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How the Coronavirus is Mutating

As mentioned in the Introduction, SARS-CoV-2 is a novel strain, evolved from its ancestor SARS-CoV. Of course, the novel coronavirus has many more ancestors, many of which are shown in the phylogenetic tree below, which also includes the full-length genome sequences of each coronavirus and betacoronavirus. A discussion of one specific mutation on SARS-CoV-2 itself is discussed below the following chart.

Fig. 1: Phylogenetic Tree of SARS-CoV-2, SARSr-CoVs, as well as other betacoronaviruses


Although SARS-CoV-2 has been changing sluggishly, one mutation called D614G has been spotted in the gene encoding the spike protein, which helps the virus penetrate cells. The amino acid glycine was replacing aspartate at the 614th amino acid position of the spike protein.

Using cryo-electron microscopy, a team of scientists checked to see whether this mutation changed the structure of the virus in any way. They discovered that the D614G mutation loosens the spike protein. The protein binds to receptors on host cells and in turn helps the virus enter the host cell. The spike protein is composed of three smaller peptides in either an “open” or a “closed” orientation. Having more that are open makes it easier for the spike protein to bind. The D614G mutation seems to relax connections between the peptides, which increases the chances of “open” orientations. This might in turn increase the chance of infection.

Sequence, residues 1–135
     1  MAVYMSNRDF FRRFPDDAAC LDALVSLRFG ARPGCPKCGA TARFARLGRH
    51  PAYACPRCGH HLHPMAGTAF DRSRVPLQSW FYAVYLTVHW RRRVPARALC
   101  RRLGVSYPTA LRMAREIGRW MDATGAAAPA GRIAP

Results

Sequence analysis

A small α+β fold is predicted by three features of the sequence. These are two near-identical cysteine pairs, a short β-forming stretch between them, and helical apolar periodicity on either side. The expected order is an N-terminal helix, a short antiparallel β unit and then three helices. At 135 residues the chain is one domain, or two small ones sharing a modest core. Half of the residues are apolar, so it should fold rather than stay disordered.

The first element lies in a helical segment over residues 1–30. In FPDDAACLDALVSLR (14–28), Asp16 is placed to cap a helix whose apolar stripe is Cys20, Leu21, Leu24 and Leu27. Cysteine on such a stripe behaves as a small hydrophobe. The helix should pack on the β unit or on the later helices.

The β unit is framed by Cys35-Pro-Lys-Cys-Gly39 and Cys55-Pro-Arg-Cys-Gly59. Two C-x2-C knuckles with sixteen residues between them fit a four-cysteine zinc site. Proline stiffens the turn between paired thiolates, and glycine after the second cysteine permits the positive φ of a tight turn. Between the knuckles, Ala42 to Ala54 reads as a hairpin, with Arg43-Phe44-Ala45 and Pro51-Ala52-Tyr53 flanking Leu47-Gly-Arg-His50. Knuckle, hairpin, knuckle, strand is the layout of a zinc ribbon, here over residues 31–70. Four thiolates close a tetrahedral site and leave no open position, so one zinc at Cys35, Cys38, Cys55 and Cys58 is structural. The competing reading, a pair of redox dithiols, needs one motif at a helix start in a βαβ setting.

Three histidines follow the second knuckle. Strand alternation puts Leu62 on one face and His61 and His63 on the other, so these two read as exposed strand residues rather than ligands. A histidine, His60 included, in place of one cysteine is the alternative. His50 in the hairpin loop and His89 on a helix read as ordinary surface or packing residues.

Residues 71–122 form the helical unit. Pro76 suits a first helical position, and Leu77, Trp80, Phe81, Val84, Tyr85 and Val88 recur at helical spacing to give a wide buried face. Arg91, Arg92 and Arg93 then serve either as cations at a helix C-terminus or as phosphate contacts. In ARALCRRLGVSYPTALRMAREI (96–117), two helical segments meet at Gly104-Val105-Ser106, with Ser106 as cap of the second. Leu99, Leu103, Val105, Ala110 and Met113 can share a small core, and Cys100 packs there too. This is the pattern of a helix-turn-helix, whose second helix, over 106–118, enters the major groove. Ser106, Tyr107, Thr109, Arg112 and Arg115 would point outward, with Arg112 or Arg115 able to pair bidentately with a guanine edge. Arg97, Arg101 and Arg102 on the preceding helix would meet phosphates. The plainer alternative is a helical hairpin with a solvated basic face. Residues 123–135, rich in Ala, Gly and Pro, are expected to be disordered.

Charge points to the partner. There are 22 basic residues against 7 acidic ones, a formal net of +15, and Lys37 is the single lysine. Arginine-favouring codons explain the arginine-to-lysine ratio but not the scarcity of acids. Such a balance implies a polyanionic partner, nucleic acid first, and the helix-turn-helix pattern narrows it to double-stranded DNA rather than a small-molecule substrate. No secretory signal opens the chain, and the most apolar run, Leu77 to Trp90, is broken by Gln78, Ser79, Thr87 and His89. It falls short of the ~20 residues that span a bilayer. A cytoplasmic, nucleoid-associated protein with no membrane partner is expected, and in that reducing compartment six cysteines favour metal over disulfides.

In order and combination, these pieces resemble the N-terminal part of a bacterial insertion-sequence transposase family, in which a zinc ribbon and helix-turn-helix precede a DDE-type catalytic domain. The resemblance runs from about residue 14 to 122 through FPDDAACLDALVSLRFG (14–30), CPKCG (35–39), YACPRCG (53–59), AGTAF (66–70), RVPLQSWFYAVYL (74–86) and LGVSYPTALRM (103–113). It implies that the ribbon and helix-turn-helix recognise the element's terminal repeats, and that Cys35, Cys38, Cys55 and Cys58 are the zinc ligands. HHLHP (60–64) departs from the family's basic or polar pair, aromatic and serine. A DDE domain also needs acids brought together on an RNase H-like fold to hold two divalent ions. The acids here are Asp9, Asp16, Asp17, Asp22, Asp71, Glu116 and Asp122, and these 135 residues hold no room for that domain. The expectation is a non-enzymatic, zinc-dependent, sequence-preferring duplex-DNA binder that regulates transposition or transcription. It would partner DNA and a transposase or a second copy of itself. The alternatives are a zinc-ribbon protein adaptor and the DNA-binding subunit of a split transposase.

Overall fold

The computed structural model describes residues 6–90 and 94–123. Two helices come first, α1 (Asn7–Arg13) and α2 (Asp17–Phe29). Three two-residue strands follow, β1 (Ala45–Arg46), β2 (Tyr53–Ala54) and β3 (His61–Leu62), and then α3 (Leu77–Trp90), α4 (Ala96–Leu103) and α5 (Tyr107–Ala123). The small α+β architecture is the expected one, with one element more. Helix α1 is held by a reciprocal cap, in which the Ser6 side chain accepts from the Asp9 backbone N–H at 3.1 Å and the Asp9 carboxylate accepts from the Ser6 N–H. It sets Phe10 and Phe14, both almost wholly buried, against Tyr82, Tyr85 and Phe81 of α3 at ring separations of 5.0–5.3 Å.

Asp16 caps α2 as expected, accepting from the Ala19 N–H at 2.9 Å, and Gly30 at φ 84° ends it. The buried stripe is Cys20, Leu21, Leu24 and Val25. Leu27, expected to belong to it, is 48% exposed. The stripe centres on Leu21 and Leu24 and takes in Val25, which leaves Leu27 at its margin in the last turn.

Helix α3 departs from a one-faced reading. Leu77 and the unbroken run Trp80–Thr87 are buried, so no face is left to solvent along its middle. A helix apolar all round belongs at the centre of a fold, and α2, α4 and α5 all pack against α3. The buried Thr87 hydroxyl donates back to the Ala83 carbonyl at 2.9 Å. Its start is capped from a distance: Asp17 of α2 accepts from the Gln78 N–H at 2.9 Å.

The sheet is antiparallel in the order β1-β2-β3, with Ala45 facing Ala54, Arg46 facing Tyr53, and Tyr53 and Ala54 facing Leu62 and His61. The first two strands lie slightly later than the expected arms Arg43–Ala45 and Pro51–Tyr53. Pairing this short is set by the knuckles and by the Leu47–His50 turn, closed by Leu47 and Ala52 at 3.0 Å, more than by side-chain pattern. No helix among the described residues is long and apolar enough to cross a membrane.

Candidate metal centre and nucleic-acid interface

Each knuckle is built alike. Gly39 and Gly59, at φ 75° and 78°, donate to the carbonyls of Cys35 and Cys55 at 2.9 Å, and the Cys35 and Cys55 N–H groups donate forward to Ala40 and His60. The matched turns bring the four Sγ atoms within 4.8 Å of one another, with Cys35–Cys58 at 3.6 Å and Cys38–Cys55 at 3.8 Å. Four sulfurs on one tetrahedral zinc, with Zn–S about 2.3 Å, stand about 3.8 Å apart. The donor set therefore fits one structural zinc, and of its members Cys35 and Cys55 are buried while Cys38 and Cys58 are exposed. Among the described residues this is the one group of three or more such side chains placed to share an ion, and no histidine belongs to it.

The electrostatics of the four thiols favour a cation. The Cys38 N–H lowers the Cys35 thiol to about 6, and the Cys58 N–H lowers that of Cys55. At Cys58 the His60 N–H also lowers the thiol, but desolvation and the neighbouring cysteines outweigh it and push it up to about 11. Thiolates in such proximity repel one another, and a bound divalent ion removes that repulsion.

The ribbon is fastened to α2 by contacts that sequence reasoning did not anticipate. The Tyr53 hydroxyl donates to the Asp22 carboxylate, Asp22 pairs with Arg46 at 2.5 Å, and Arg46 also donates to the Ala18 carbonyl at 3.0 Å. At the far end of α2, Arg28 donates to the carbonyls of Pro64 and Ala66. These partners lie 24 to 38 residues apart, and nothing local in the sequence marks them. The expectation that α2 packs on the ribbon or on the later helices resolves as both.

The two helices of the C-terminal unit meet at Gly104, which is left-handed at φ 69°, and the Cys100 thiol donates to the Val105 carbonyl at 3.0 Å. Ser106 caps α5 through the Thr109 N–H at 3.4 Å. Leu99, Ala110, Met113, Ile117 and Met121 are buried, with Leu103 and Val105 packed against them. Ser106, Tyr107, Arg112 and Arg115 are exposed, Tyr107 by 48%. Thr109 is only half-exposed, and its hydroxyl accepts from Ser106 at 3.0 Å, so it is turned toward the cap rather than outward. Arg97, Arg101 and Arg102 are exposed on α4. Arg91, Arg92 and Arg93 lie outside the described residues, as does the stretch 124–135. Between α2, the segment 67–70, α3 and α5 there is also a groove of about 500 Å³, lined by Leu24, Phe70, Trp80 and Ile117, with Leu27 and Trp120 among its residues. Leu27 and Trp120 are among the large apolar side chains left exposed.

More his mutation has rapidly spread and is now a widespread part of the virus. It may also be a sign of the SARS-CoV-2 virus evolving. According to Korber and Montefiori, the D614G mutation has given the virus a more transmissible form. According to other scientists, the mutation allows SARS-CoV-2 to infect cells more easily. Some others say that the mutation may make targeting the virus with vaccines easier. As it stands, there has been no solid proof of the sort of effect that the mutation has on the virus.


“Cambridge to Spearhead £20million Alliance to Map Spread of Covid-19 Coronavirus.” University of Cambridge, 23 Mar. 2020, 

Huang, Pien. “The Coronavirus Is Mutating. but That May Not Be a Problem for Humans.” NPR, NPR, 25 Mar. 2020, 

“The Pandemic Virus Is Slowly Mutating. but Is It Getting More Dangerous?” Science,